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“The stone the builders rejected has become the cornerstone.” (Psalm 118:22)

The establishment of the United States capital on the banks of the Potomac River was the result of political compromise between the Federalist and the Republican factions of the early republic. The states of Maryland and Virginia relinquished land to form the District of Columbia with work on the new city beginning in 1791.  One year later, plans were made for a neoclassical presidential home on Pennsylvania Avenue. On October 13, 1792, the cornerstone of the building which would later become known as the White House was laid during a Masonic ceremony overseen by member George Washington who had selected the site. Supposedly the cornerstone went missing the following day, and no one has seen it since. Many attempts have been made to find it. In the 1940’s, then President Harry Truman renovated the building. The rooms were completely dismantled and rebuilt, and a new internal load-bearing steel frame was constructed inside the walls. During this time, a letter was found which uncovered the fact that the first stone was actually laid in the southwest corner of the building. One theory is that the cornerstone might have ended up between two stone walls in the Rose Garden, but so far, nothing has been found there. Its location remains an unsolved American mystery.

The cornerstone is one of a building’s most important pieces, since it is the first stone to be set and also determines the position of all the pieces to be laid afterwards. Cornerstones have been part of building structures for centuries. In the case of the White House cornerstone, it can be assumed that the piece was quite large in size and very heavy, since it was made out of Aquia sandstone from Virginia. Some imagine that the stone was inscribed by the founding fathers, while others believe there was a plate on top with the date it was established. Over time, cornerstones have often taken on the purpose of a ceremonial masonry stone. Usually set in a prominent location on the outside of a building –  these stones often contain inscriptions indicating the construction dates of the building, sometimes including the names of significant individuals.  In years past, a piece of the cornerstone would be hollowed out to act as a type of time capsule to contain artifacts from the era in which a particular building was built. In biblical times, a cornerstone was used as the foundation and standard upon which a building was constructed. Once in place, the rest of the building would conform to the angles and size of the cornerstone. In addition, if removed, the entire structure could collapse.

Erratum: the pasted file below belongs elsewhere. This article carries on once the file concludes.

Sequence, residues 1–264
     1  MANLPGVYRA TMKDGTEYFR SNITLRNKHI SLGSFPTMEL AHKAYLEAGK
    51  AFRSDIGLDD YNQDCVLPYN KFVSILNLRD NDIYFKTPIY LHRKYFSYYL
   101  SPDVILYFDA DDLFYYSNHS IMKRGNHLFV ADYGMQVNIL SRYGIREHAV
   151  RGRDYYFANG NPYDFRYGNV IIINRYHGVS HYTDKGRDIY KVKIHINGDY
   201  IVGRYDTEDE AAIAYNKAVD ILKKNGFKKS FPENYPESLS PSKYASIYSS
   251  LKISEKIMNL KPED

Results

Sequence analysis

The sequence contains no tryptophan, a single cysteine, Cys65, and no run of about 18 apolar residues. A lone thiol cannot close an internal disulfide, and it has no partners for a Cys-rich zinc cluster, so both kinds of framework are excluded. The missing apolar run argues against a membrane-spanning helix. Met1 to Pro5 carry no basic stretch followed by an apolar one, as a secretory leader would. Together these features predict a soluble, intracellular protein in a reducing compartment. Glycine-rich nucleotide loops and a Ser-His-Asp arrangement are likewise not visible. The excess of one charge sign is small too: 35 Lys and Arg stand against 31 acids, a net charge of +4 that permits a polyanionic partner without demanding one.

The Book of Isaiah makes many references to a coming Messiah. God prophesied through Isaiah that He would place a foundation stone in Jerusalem . . . “a firm and tested stone. It is a precious cornerstone that is safe to build on. Whoever believes need never be shaken” (Isaiah 28:16). Hundreds of years later, Jesus identified Himself as this stone: “Didn’t you ever read this in the Scriptures? ‘The stone that the builders rejected has now become the cornerstone. This is the LORD’s doing, and it is wonderful to see” (Matthew 21:42). It’s amazing how the Prophet Isaiah and the Apostle Peter both reference the term of building stones to complete a nice thread that flows from the writing of a heavenly promise in the Old Testament to the New Testament gospel about the One whom a disciple knew personally. Peter provides a description that all who believe in Christ are “like ­living stones . . . being built into a spiritual house” (1 Peter 2:5) which holds together as the one edifice of God’s people spread throughout the earth. The illustration of Jesus as the Cornerstone upon which the “household of God” was being built would have been well-understood by the early Christians. For those living in societies where people often built their own homes, using construction terminology to explain the priority of Jesus the Messiah as the cornerstone of the household of God provided a clear connecting point that would have made absolute sense. Just as the cornerstone is laid as a guide to line up the rest of the structure, we need to be sure that our life is in alignment with Christ and His teachings. Unlike the one at the White House, the Cornerstone of Jesus Christ will never disappear and is one we can be certain to safely build upon.

REFLECTION: Consider your preferences, experiences, traditions and values. Do they align your life to establish a cornerstone for your faith?  If not, how might you hit the reset button to readjust the substance of your journey with the teachings of Christ? In what ways can you better set an example for others to be “fellow citizens with God’s people and also members of his household built on the foundation of the apostles and prophets, with Christ Jesus himself as the chief cornerstone” (Ephesians 2:19-20)?


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